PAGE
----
Try, try and try again

August 11, 2015  •  Leave a Comment

All landscape photographs require a combination of planning and good fortune in different combinations. Sometimes, the light and the location just work together, and a photograph can be made in a single trip. On other occasions either the light or the location isn't right, and multiple visits may be required to capture the shot.

One of my most frustrating challenges in recent years has been to obtain a winter photograph of Ingleborough covered with snow. I found a location with a view I liked in the summer, and kept both a written and mental note to return when there was snow on the ground. The view is from Crina Bottom, with a track and river valley providing a frame for Ingleborough's summit.

On my first three visits to this spot in winter I didn't even take my camera out of its bag! The first time there was much less snow than I was expecting, and the view was disappointing. The second time the summit of Ingleborough was in cloud, and the third time there was a stubborn sheet of stratus cloud flattening the light. This trip was even more frustrating, as the cloud was in the North and West and over Ingleborough itself, but I could see that there would be good light elsewhere in the Dales. I waited for a couple of hours for the cloud to clear, but it was one of those days when it never did.

On my fourth visit there was some better light and I did take some photographs. However, the images were rather flat, and once again the snow cover wasn't perfect. This is one of the images from this fourth visit:

Ingleborough from Crina BottomIngleborough from Crina BottomWinter view of Ingleborough from Crina Bottom

I worked the location for a while, but the angles didn't really work, and the images didn't have the impact I had envisaged.

At this point I could have just given up, with a view to coming at a different time. However, I decided to walk round Ingleborough to try to give myself more of a sidelight to work with. Most of the higher fells in the Dales are access land, so I could wander across the landscape at will. My target was White Scars - the area of limestone pavement behind the farmhouse in the photo above.

I climbed the steep slope onto the flat limestone pavement, and began looking for some feature (maybe a glacial erratic or tree) to anchor the foreground of the photo I was now planning. My search was fruitless, so my next option was to walk over to the far side of the limestone pavement to see if I could find a crag to act as foreground. I spotted a couple of possibilities, but nothing that screamed "that's it" and then, finally, spotted the feature which made the day - a miniature partly frozen tarn.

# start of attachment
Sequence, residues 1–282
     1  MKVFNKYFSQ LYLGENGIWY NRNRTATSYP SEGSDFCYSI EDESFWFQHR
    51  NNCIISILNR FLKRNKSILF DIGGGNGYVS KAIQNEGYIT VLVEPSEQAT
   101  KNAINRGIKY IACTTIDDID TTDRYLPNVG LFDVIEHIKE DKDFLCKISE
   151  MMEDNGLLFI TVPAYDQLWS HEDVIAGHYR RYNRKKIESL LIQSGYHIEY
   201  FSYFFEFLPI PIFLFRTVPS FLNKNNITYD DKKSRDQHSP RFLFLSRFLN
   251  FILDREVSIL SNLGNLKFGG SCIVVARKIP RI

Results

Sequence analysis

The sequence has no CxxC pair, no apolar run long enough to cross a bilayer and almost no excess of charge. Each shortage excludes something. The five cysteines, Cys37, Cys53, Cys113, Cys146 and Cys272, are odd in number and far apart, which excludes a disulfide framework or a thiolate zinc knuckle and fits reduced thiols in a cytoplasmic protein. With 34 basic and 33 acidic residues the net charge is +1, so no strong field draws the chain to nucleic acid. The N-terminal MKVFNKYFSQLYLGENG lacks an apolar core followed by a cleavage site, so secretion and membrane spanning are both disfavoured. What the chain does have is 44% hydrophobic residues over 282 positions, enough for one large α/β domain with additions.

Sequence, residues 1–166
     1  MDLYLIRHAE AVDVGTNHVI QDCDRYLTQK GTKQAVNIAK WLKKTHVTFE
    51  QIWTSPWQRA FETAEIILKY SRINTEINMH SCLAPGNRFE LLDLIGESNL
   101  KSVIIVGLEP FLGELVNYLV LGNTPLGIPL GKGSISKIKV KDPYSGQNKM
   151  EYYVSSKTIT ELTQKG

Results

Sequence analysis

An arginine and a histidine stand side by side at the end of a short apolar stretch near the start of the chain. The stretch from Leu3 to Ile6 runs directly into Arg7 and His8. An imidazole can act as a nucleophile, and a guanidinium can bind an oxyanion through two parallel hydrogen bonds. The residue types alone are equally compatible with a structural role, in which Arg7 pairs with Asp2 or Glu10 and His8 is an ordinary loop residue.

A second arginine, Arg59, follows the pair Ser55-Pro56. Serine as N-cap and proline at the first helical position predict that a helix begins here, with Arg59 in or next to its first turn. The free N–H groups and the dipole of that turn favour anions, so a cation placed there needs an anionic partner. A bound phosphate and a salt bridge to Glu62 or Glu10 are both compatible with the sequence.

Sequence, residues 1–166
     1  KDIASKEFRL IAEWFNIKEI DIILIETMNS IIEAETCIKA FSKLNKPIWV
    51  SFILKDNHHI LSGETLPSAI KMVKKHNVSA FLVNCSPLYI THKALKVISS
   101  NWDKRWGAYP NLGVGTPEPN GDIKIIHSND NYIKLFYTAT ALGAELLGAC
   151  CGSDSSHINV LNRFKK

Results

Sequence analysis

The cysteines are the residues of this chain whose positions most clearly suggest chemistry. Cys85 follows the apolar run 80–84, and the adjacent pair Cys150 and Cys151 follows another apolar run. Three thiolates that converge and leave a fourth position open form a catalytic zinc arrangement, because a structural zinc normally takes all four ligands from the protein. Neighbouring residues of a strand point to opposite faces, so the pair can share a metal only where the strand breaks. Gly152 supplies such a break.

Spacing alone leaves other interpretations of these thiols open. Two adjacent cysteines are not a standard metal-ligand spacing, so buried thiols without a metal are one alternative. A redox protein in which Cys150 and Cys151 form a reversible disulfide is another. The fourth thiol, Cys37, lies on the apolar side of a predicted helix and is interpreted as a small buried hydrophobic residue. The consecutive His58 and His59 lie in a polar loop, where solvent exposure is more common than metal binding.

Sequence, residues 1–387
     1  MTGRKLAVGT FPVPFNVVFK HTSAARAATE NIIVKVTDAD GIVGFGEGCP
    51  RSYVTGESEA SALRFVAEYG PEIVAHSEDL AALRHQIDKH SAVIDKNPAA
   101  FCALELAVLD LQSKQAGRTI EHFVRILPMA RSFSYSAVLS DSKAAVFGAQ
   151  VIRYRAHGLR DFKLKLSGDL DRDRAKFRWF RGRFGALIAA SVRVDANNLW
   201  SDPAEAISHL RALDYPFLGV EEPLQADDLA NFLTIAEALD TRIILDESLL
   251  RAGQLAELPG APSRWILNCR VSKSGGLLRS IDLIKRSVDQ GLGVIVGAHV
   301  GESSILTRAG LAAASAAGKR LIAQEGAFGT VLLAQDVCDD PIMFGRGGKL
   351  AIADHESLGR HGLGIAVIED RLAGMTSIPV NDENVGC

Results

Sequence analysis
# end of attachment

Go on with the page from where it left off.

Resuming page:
The tarn itself is an anomaly, as limestone pavements are usually dry. Some glacial till may be acting as a natural pond liner to allow the water to accumulate. As I approached, I realised that this small sheet of water and ice was exactly what I had been looking for - providing colour, shape and texture in the foreground of the final image. One lesson I have learned from experience is to think ahead when taking shots across snow, ice and sand. It is all too easy to walk across a spot which would have made a perfect foreground for an image, so I walked around and carefully approached towards Ingleborough's summit.

After finding the location, and setting up the shot I began the waiting game for the light. There was probably around 40% cloud cover. I wanted the foreground and the summit of Ingleborough to be sunlit, and I also wanted some clouds in the sky, but not too much. After the best part of an hour, I got the shots I was looking for. This was the result:

Ingleborouh from White ScarsIngleborough from White ScarsPhoto of Ingleborough from White Scars

An unexpected bonus was a nearly full moon above the summit of Ingleborough.

I also took a portrait image from nearby:

Ingleborough from White ScarsIngleborough from White ScarsPhoto of Ingleborough from White Scars

and, finally, looking around, decided to take a telephoto shot of Whernside - highlighting the emptiness of the moorland around the highest point in Yorkshire.

Whernside from White ScarsWhernside from White ScarsPhoto of Whernside from White Scars

The small pool in this image is the same one which dominates the foreground of the previous two photographs.

These photographs are all now part of my range, and can be ordered in a variety of sizes in the three peaks gallery (http://www.fotocraftimages.co.uk/three-peaks).

The landscape image is also included as the January photograph in the 2016 Fotocraft Images Yorkshire calendar - see http://www.fotocraftimages.co.uk/2016-calendar.

 


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